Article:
For those who solved the puzzle at the Birthday Bash, the following clues were revised:

          21a Man, I’ll catch it losing drugs (3) – TO M[E]

          14d David, for one, getting rid of rubbish for Peggy? (3) S[TAT]UE

          22d Have university’s leader removed (3) G[OWN]

        2. CS, I am always very willing to obey BD’s rules but aren’t you perhaps thinking about his edict to read his comments in red before posting comments about the weekend prize puzzles? I prefer to comment before reading the others so as not to be influenced, although most days it is not an issue as I am usually among the first to post.

  10. Many thanks to CS for the review and to all for the comments. Apologies for the mix-up with 21a. Dave asked for a change to the clue and when retyping it, I obviously omitted the necessary ‘ll from the clue.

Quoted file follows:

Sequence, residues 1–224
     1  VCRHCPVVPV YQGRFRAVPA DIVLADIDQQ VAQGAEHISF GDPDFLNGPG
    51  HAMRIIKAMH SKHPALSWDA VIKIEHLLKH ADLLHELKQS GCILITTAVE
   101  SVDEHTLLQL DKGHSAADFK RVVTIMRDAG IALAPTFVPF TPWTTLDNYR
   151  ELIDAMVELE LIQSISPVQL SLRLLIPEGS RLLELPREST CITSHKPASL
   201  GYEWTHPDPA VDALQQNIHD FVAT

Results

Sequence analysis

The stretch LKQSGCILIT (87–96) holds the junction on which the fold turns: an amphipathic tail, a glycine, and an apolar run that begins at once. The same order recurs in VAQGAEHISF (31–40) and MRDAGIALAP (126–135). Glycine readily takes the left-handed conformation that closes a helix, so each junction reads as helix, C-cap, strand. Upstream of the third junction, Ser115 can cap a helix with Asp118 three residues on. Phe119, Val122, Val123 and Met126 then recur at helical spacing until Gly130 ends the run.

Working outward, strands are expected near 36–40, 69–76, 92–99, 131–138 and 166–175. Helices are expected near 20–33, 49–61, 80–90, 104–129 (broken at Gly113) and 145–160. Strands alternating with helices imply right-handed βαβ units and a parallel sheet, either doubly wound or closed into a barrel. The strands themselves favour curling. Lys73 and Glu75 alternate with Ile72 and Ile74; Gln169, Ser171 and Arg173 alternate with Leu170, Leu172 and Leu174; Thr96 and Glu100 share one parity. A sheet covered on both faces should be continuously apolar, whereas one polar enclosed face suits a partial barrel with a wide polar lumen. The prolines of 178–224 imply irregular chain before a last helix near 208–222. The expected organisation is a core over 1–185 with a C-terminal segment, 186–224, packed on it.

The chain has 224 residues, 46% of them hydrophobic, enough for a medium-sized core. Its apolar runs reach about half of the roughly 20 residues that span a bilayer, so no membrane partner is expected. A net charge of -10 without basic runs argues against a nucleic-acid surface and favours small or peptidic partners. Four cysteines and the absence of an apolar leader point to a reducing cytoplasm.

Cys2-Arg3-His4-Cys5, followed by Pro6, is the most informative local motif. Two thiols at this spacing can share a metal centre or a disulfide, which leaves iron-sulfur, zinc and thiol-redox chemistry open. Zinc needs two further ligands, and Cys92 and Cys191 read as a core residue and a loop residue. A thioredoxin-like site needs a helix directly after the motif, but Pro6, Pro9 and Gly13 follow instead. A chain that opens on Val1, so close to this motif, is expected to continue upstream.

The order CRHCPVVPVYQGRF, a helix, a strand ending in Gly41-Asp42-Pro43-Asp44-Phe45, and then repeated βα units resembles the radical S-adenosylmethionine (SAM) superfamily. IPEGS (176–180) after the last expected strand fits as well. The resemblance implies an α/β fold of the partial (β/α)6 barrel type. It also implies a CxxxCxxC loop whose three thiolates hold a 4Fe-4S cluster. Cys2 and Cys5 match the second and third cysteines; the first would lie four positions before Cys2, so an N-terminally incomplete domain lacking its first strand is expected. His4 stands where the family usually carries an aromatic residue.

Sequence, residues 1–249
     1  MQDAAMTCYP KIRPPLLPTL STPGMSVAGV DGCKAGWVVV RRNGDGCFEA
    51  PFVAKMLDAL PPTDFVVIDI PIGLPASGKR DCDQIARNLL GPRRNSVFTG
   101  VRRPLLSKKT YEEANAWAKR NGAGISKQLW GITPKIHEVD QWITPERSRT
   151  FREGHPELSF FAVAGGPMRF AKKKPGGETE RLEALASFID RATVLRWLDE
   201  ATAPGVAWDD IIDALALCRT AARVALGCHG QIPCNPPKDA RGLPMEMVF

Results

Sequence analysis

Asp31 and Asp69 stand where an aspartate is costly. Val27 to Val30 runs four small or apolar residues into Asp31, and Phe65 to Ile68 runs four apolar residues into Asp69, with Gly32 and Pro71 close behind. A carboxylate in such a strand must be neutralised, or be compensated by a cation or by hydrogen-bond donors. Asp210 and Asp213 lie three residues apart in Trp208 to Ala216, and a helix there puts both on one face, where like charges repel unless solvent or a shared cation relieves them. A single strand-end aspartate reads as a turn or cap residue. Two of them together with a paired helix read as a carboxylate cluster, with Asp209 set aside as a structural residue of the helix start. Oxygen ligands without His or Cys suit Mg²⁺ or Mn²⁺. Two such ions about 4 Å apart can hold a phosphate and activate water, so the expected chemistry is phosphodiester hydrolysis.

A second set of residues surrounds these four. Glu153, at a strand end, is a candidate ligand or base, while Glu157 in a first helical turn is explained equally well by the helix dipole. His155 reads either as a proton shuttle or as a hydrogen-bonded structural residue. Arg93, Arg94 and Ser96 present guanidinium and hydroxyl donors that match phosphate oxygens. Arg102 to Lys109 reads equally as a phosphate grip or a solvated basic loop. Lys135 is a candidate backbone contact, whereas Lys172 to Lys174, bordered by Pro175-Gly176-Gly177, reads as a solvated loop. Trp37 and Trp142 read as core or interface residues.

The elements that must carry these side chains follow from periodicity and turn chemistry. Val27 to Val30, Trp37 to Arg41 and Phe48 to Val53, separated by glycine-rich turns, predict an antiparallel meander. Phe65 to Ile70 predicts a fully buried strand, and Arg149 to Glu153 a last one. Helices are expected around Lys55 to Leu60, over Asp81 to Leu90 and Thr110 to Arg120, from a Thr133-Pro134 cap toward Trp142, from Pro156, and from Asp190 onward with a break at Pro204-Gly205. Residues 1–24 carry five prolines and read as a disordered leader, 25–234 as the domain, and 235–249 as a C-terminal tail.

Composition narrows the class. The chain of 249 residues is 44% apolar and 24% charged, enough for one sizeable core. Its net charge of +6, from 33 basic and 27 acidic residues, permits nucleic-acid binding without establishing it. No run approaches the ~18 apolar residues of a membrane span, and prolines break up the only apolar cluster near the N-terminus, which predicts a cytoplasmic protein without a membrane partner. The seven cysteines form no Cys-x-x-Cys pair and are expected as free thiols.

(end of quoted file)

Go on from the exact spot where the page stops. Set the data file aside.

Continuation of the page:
11. Hi All – thanks for not being too devious, Prolixic. Enjoyed that, even though I’m not entirely sure about some of the parsing… I’ll work on it.
    Many thanks to you and to CS.

  12. I was one of those who didn’t get this at the birthday do.
    As always a great crossword from Prolixic – I really enjoyed it so thanks to him and to CS for explaining my gaps – mainly 21a.

  13. Apologies for yet another late comment. One day I might catch up…?

    I found this most entertaining. There were only two clues which gave me trouble. I never did see the lurker in 17a, and consequently couldn’t appreciate the reference to Notabilis. Reading CS’s explanation, it was a brilliant clue. I got as far as ‘to-‘ in 21a and am therefore grateful to CS for her enlightenment of that as well.

    Many thanks to Prolixic for a super puzzle and to CS for the explanations and delightful illustrations.